A Bundaberg company says it has manufactured the world’s first sugarcane harvester powered by a Stage 5 diesel engine and hopes to develop an export market for them in Japan.

Canetec has been developing the machine for the past 12 months in response to requests from Japan for a small harvester suited to its small fields and environmental and carbon emission standards.https://46dd41f4b140105e9870b251e1390304.safeframe.googlesyndication.com/safeframe/1-0-37/html/container.html

Its chief executive officer Glenn Soper said the company had decided to take up the challenge and the first YT4000-F model harvester is now undergoing field trials in advance of its scheduled arrival in Japan on April 15.

“Their current small machine harvesters are very basic. They have open cabs and little to none of the technical capabilities of harvesters that we see in Australia,” Mr Soper said.

“Our (Japanese) customers were requesting a new (small) model that would fit with all their environmental parameters such as having a Stage 5 engine and being under 128 horsepower (95.44 kilowatts).

FIELD TESTING: The Canetec YT4000-F model harvester equipped with a Tier 5 engine being tested under field conditions last week.

FIELD TESTING: The Canetec YT4000-F model harvester equipped with a Tier 5 engine being tested under field conditions last week.

“The YT4000-F is 121 horsepower (90.2kW) so we have been able to deliver that as well and provide a huge upgrade in driver comfort, harvesting efficiency and the machine’s technical capabilities.”

Canetec is importing 4.5-litre QSB Tier 5 Cummins engines from the United States to power the machines which are capable of harvesting around 33 tonnes an hour.

Australia hasn’t yet regulated emissions from non-road engines but a number of overseas countries have moved to Stage 4 and are planning to go to Stage 5.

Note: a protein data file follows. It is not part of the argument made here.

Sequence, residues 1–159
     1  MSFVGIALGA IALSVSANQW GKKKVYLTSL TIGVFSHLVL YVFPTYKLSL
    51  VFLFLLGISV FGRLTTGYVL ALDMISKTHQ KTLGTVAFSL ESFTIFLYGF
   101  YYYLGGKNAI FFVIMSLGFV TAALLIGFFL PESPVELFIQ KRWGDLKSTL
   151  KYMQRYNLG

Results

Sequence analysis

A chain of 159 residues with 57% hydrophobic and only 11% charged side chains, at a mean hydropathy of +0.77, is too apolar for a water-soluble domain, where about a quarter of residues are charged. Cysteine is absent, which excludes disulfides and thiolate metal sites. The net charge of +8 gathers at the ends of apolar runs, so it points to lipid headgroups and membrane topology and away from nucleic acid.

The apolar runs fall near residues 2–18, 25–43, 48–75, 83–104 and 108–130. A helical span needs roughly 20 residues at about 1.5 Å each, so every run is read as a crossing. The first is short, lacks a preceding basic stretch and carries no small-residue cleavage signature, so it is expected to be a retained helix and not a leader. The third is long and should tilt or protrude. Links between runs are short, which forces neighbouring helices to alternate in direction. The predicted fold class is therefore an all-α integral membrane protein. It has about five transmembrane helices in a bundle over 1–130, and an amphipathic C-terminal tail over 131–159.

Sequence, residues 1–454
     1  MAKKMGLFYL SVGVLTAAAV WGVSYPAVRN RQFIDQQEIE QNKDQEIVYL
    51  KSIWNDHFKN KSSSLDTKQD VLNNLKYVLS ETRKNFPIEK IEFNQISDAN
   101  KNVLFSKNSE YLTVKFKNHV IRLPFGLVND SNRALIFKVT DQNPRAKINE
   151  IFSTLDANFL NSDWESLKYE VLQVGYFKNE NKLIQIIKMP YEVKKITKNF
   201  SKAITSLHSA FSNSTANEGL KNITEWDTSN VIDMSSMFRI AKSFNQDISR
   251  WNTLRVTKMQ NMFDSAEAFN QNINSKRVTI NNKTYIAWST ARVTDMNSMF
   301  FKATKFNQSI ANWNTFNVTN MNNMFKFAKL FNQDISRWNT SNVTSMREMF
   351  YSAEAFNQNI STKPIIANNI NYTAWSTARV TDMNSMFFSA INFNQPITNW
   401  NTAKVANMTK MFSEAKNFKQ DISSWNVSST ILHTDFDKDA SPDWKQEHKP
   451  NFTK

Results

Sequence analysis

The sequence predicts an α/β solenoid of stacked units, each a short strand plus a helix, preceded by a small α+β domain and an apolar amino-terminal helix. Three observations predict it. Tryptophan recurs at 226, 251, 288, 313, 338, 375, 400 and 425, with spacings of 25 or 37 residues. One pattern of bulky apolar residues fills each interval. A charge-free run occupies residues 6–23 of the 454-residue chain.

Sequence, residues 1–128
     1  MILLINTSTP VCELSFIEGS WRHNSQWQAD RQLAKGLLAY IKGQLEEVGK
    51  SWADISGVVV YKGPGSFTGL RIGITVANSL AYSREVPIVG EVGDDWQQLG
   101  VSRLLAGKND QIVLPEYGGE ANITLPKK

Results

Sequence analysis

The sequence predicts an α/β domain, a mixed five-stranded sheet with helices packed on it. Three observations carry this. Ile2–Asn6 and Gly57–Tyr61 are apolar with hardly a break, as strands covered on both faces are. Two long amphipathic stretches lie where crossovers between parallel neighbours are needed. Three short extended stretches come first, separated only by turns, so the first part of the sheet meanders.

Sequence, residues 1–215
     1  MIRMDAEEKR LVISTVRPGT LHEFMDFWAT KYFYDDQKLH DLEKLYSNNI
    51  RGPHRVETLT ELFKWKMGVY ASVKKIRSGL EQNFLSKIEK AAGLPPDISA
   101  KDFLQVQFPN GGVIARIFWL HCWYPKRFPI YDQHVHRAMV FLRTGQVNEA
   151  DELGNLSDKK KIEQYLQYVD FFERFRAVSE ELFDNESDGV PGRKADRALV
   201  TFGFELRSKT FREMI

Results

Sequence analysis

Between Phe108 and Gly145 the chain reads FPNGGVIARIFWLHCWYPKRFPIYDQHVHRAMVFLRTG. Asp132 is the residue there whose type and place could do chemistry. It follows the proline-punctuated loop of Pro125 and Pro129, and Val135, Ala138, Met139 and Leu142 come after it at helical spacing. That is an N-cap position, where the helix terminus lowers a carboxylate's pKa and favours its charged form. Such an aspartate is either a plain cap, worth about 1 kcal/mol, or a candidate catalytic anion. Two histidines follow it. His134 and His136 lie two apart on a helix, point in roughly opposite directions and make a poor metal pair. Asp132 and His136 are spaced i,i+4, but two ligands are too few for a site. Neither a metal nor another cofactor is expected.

Project engineer Peter Lambrides said it had taken 12 months to build the new model due to worldwide shortages of materials because of the COVID-19 pandemic.

“The cabin and track system are from Europe and the engine came from the US but the rest of the machine has been built locally,” he said.

“All the sheet metal has been locally welded and put together and all the gearboxes are made here In Bundaberg.”

Canetec has been building large- and medium-sized harvesters in Bundaberg for more than a decade and exports a range of harvester models locally and to Japan and the Asia Pacific.

Fittingly, the company operates out of the old factory site of Austoft once owned by the Toft brothers who developed Australia’s first sugar cane harvester in the early 1940s.

Case IH bought their company in 1996 and in 2004 Austoft production moved from Bundaberg to global sugar powerhouse, Brazil.

Mr Soper said a group of locals who included Bundeberg legend Cliff Fleming, co-founder and owner of Bundaberg Brewed Drinks, decided to buy the site to keep manufacturing jobs in the south-east Queensland coastal town.

The company now shares the site with waste-collection truck maker Superior Pak which provides work for Cantec staff who also do other manufacturing and fabricating jobs for local customers.

The company now produces about one cane harvester a month but Mr Soper hoped the Japanese market for the small harvesters could reach 20 units a year.

“We think it’s going to be a volume machine,” he said.